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Do B vitamins keep mosquitoes away?

Ochlerotatus notoscriptus, Tasmania, Australia

(Photo credit: Wikipedia)

Word has it this is going to be a horrendous year for mosquitoes.  Great! Besides rain, nothing ruins a beautiful summer’s eve  on the patio more than mosquitoes  – especially if you live in Wisconsin – the home of July, August, and winter!  I dread mosquitos, not just because they’re annoying, but because I’m highly sensitive to their bite (I itch for two weeks and my arms & legs look like those of a 6 yr. old!) I’ve also had Lyme Disease and know that many respected Lyme literate doctors believe mosquitoes can spread Lyme. So, protecting myself from bug bites is a big deal – the problem is finding a repellent that works but won’t harm me in the process (like DEET).  The information you find on the internet can be conflicting but there is anecdotal evidence to support it.  So here’s a look at some of the more natural repellents along with a few products, and you can decide what works for you!

B – Vitamins

My research didn’t lead me to anything scientifically conclusive, but based on  comments from real people and others in the natural health arena, either the B-1 vitamin (thiamin) or a B – complex containing B-6, were effective for many people in keeping the biting bugs at bay. The caveat to the B vitamins is you should not expect them to work overnight. It’s best to start taking them weeks before you venture out – but you can also use a liquid B-1 supplement and dab it on your skin. I’m eager to see if the B-vitamins works. I’ve been faithfully taking my B-complex every day so the real test will come when I head to our community garden plot and make myself a living sacrifice to the mosquitoes and “no-see-ums!”

Lemon eucalyptus oil

The CDC has confirmed that lemon eucalyptus oil is a proven mosquito repellent with no threat to human health. It’s simply eucalyptus oil mixed with natural lemon and lemongrass oil (w/no neurological damage) and it works. This is another one I’m going to have to try.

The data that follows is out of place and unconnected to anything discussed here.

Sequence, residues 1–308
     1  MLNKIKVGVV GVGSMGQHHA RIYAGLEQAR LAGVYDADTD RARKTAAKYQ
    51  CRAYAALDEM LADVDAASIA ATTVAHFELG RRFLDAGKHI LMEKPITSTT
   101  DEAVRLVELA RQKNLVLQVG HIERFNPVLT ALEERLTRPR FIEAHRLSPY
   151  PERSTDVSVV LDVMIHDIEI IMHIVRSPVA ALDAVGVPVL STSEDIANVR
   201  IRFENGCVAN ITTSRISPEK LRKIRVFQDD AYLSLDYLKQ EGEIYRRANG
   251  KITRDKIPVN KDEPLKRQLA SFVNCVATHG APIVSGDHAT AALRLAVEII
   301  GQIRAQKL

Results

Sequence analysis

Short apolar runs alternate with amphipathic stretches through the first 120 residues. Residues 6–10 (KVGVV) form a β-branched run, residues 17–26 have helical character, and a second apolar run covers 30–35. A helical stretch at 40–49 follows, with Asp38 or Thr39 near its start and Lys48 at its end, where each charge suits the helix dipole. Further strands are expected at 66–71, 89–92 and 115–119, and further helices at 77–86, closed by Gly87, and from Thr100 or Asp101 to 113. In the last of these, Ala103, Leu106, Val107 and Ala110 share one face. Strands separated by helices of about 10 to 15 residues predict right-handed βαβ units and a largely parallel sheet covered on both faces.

Geranium oil

Another widely used essential oil, geranium oil is also known to be effective in keeping mosquitoes away. It is often used in combination with soybean oil. You’ll find geranium oil in many formulas of natural insect repellents like our Herbal Armour Insect Repellent from All Terrain.

Citronella oil

This is likely one of the most popular essential oil used as a repellent and is also an ingredient in many natural repellent formulas. It’s probably most recognized for its use in candles and incense. A study done by the University of Guelph in Ontario and published in PubMed found that people positioned near a citronella candle had 42.3% fewer bites and those near the incense had 24.2% fewer bites. It’s best not to rely on the candles as your only source of  protection.


This one is still under investigation, but many say consuming extra garlic will help deter mosquitoes.

Neem Oil

Many organic gardeners are familiar with neem oil as an insecticidal spray for their vegetables, but it has also been used extensively in Ayurvedic medicine.

There’s no hard-fast solution for what’s “bugging” us, but now you have a little more ammo for the battle of the bugs.